I like to go grocery shopping early, but today I waited until 9 a.m. because I saw the notice that the hour between 8 and 9 was reserved for the vulnerable. That was easy. I can wait. I went in to do my weekly shopping and saw empty shelves – a sight I never see in my Port Hope YIG (Davis’ Your Independent Grocer) as they are always quite efficient at having the shelves stocked and in great shape. I suddenly had a greater appreciation for people living in places where they experience this as a regular part of life. I had a tiny glimpse into what war time and post war rationing must have been like. It was only a tiny glimpse of course because the reality was that I still got everything I needed/wanted. There was no No Name Quick Oats so I bought Steel Cut oats instead and will enjoy the change. I couldn’t find dried soup mix, so I bought extra fresh and frozen vegetables and will enjoy the simple pleasure of chopping. I am not suffering any hardship here. And there were tulips – the Dutch symbol of hope; tulip bulbs having kept my parents alive during WW2, so I bought a bunch of those.
As a Loblaw retiree, I think back on my work life. I remember how I routinely popped out at lunch time to visit my elderly mother in a care facility in Brampton. I never once had to consider that by virtue of leaving my Brampton office I may be putting my mother in harm’s way. I recall how the most stressful days consisted of making sure that my analysis was right, and the numbers would pass the required scrutiny to get into the power point ‘dec’ for the annual meeting. Or how my colleagues and I might work extra hours to ensure that the new products would make ‘1st billing’ for the Insider’s Report launch date. No matter what, I NEVER had to think that my job may be life threatening.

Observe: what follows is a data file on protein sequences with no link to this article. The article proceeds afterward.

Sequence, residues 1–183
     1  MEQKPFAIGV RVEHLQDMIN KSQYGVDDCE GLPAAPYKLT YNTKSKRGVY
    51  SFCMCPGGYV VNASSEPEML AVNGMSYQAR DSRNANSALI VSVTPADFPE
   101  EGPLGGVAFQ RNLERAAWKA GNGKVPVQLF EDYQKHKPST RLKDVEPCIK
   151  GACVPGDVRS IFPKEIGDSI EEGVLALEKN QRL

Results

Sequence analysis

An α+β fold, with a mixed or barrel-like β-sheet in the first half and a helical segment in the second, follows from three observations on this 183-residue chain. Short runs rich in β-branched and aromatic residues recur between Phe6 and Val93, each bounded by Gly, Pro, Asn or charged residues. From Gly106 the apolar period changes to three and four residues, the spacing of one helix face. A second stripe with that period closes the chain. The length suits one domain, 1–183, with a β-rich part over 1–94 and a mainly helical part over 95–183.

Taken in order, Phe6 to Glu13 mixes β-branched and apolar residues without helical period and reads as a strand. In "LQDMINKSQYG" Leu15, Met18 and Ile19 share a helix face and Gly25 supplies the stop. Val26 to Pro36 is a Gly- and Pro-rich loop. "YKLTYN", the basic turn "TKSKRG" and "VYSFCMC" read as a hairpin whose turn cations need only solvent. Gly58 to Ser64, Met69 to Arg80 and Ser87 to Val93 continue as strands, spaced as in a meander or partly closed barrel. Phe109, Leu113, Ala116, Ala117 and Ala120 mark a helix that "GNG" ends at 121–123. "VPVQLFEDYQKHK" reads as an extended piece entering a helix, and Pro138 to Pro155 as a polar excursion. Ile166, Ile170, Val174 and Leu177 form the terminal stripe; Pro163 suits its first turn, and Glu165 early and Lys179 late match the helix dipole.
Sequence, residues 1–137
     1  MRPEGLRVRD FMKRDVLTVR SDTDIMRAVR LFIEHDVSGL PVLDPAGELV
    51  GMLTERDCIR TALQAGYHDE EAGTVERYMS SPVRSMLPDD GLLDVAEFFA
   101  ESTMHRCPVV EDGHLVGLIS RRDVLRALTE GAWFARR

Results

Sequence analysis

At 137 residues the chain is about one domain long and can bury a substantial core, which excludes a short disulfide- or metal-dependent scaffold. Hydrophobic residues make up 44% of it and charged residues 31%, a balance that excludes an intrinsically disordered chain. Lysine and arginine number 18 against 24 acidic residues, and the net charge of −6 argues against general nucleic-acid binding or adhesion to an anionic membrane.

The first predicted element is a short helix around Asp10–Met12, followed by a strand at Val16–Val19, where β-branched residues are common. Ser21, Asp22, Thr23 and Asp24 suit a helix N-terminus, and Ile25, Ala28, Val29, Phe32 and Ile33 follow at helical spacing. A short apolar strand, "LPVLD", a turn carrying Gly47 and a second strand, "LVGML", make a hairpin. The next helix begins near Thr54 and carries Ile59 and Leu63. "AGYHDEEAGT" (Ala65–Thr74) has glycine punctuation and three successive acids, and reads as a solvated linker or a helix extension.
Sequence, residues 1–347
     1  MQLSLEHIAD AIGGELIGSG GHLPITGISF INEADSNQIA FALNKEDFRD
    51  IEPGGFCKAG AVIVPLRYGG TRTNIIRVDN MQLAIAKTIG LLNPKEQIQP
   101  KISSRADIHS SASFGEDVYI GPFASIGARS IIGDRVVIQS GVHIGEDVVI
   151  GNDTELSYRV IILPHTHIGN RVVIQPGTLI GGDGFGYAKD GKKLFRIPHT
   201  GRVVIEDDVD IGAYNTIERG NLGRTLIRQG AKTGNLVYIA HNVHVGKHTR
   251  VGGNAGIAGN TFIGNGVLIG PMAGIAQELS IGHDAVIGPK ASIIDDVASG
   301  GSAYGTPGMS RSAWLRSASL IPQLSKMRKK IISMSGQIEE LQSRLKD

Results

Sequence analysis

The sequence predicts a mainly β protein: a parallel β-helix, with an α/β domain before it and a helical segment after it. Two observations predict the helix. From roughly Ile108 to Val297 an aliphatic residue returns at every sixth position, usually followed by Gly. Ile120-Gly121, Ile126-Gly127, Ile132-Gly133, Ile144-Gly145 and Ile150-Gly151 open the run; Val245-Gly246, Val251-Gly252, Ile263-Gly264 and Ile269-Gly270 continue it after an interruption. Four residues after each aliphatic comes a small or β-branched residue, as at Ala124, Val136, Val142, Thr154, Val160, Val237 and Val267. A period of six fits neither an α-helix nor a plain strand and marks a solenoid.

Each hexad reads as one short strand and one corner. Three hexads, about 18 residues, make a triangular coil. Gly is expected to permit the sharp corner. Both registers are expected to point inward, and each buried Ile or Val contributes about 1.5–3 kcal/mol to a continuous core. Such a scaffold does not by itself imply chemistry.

Today when I finished shopping and went to check out, Michelle greeted me with a smile. She asked me how I was today. She told me to take my time as I bagged my groceries into my own bags because it gave her a moment to do a bit of extra cleaning. I asked her if she was nervous coming to work and she admitted she was a little. And yet, here she is, working, smiling, chatting. Michelle is a hero, because isn’t that the very definition of a hero? Someone who carries on – not because they are oblivious to the risk, or they feel invincible, but because they feel they should. They see the risk; they are worried about it and yet they do it anyway. And do it with a smile, hiding whatever worries they have for their own loved ones, away from sight.
So – to Michelle, and her colleagues, and all those others who are keeping our society going – hats off to you for your courage. You are our heroes.